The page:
Home | Massachusetts Eminent Domain

Massachusett's Eminent Domain Laws and Property Rights

PROPERTY RIGHTS IN THE COMMONWEALTH OF MASSACHUSETTS

Massachusetts is one of a handful of states that made no statutory or constitutional changes in response to Kelo v. City of New London, 545 U.S. 469 (2005). Massachusetts public redevelopment projects, where land is taken and sold to private, designated redevelopers, fall under the Massachusetts urban renewal laws, enacted well before Kelo. (G.L. c. 121A, 121B). Chapter 121B grants urban renewal agencies the authority to take property by eminent domain whenever it determines the taking is necessary to effectuate the goals of urban renewal, which include the elimination of “decadent, substandard or blighted” areas and the promotion of the “sound growth of the community.” G. L. c. 121B, § 45; see also Marchese v. Boston Redevelopment Auth., 483 Mass. 149 (2019). Chapter 121B requires the type of comprehensive plan and exhaustive deliberative process found compelling by the Kelo majority, but with the significant difference that Massachusetts urban renewal is predicated on findings of blight, substandard housing, or decadence. (G.L. c. 121B, § 48).

Meet OCA's Massachusetts Attorney

James D. Masterman

James D. Masterman is a shareholder with the Boston office of Greenberg Traurig, LLP. Mr. Masterman is a trial lawyer with a broad range of experience in eminent domain and real estate valuation litigation, including tax proceedings and lease arbitrations, and in the litigation of land use and property rights issues. His representation of commercial, industrial and residential property owners and developers requires his appearance in U.S. District Court, U.S. Bankruptcy Court, and every state and administrative court of Massachusetts and throughout New England.

A SUMMARY OF MASSACHUSETTS’ EMINENT DOMAIN LAWS

The following responses are intended to provide general information about eminent domain laws in the featured state. Such information does not constitute legal advice. Anyone interested in learning more about eminent domain law and the impact it may have on a given set of facts should consult with an OCA attorney or another attorney experienced in handling eminent domain cases.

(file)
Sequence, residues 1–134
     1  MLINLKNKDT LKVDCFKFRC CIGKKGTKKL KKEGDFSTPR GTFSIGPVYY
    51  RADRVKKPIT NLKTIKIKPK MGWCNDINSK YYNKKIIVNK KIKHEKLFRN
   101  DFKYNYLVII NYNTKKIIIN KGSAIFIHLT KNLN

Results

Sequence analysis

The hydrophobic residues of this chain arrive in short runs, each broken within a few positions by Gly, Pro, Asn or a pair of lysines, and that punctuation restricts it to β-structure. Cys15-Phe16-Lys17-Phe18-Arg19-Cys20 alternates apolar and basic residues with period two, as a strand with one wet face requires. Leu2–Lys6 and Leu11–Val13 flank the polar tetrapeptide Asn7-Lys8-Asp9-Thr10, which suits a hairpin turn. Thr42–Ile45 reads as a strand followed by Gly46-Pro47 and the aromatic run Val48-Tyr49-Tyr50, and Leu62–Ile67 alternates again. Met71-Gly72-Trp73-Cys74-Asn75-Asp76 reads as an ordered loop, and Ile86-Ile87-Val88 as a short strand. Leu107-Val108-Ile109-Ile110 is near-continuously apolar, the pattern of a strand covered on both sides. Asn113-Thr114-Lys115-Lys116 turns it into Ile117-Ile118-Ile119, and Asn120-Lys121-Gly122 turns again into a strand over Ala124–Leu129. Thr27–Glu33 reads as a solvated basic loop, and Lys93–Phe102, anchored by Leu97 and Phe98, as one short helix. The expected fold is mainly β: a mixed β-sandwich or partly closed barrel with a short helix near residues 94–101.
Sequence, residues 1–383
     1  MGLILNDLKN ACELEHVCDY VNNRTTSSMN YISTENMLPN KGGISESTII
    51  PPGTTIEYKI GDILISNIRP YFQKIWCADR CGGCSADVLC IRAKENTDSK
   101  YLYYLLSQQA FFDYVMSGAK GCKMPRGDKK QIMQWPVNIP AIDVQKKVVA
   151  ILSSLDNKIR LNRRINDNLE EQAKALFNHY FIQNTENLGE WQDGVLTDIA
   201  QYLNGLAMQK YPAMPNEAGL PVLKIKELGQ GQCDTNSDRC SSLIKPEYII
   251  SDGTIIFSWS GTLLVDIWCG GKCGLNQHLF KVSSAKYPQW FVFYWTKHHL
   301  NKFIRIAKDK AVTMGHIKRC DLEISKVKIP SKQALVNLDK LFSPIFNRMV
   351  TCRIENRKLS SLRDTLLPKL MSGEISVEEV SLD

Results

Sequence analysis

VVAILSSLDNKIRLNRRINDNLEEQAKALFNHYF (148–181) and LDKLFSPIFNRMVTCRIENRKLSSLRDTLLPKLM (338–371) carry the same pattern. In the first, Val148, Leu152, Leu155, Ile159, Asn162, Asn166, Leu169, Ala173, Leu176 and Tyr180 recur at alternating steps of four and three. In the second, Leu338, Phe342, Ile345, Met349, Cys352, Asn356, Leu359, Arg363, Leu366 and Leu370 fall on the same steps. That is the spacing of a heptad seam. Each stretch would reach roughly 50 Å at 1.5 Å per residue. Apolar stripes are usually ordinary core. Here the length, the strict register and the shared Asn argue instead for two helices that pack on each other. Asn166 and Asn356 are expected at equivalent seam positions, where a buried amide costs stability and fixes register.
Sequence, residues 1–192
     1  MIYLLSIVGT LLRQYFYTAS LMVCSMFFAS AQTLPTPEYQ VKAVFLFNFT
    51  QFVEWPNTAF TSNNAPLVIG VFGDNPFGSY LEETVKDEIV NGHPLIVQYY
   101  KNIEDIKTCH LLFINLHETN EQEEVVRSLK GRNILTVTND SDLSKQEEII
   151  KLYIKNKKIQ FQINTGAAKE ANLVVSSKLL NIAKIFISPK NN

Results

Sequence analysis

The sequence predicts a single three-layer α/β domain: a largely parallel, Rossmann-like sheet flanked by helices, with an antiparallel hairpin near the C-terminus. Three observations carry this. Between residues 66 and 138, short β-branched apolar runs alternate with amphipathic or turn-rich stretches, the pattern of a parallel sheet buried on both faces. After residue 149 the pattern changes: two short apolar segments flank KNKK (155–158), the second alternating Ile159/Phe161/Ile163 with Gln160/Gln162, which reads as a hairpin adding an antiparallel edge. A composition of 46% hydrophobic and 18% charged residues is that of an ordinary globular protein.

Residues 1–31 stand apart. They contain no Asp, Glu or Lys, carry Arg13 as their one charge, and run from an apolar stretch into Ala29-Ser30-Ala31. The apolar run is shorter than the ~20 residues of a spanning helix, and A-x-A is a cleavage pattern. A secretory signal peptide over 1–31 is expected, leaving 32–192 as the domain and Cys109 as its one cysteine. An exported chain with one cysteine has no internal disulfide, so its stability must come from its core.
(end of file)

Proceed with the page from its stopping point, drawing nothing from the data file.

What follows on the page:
• Who Can Exercise Eminent Domain Laws?

    The power of eminent domain, as an inherent sovereign power, may be exercised by the Commonwealth and all its offices, agencies or authorities to which the power has been delegated by statute. These include the Massachusetts Department of Transportation and departments within the Executive Offices of Administration and Finance and of Environmental Affairs. Public authorities such as the Turnpike Authority and the Massachusetts Bay Transportation Authority also have the power of eminent domain. The legislature has also granted the power of eminent domain to housing authorities and urban renewal authorities, counties, cities and towns. (M. G. L. c. 121B). The power of eminent domain may also be delegated to private corporations deemed to be serving a public purpose, such as a public utility.

  • What Are the Legal Requirements for Exercising the Power?

    Condemnation in Massachusetts is governed by Massachusetts General Laws chapter 79. The taking process starts with the designated taking authority, acting by and through a board of officers duly authorized to act (M. G. L. c. 79, § 2), voting to adopt an Order of Taking (M. G. L. c. 79, § 1) which must describe the property, state the interest taken (e.g., fee: all or a part; easement: temporary or permanent) and the purpose for which the taking is made. Within thirty days of the vote, the Order must be recorded (M. G. L. c. 79, § 3) or filed for registration (M. G. L. c. 79, § 4) in the county Registry of Deeds in which the property to be condemned lies. Recording the Order is the act of taking; title vests in the taking authority upon recording. Failure to record the Order timely renders the vote to take void. Notice that the taking has been made (i.e., post recording) is required of all taking authorities (M. G. L. c. 79, § 7C).

    The amount of the award is to be offered and tendered to all parties having an interest in the property taken within sixty days of recording (M. G. L. c. 79, § 8A). There is no deposit into court. The owner may either accept the money awarded as full and final just compensation or as an award pro tanto. An owner who accepts the award pro tanto has three years from the date when title vests in the taking authority, not from the date of the vote or the date of the Order itself (M. G. L. c. 79, § 16), to file a lawsuit, termed a petition for assessment of damages (M. G. L. c. 79, § 14) for a jury to determine the fair market value of the property taken.

  • What Limitations or Defenses Exist?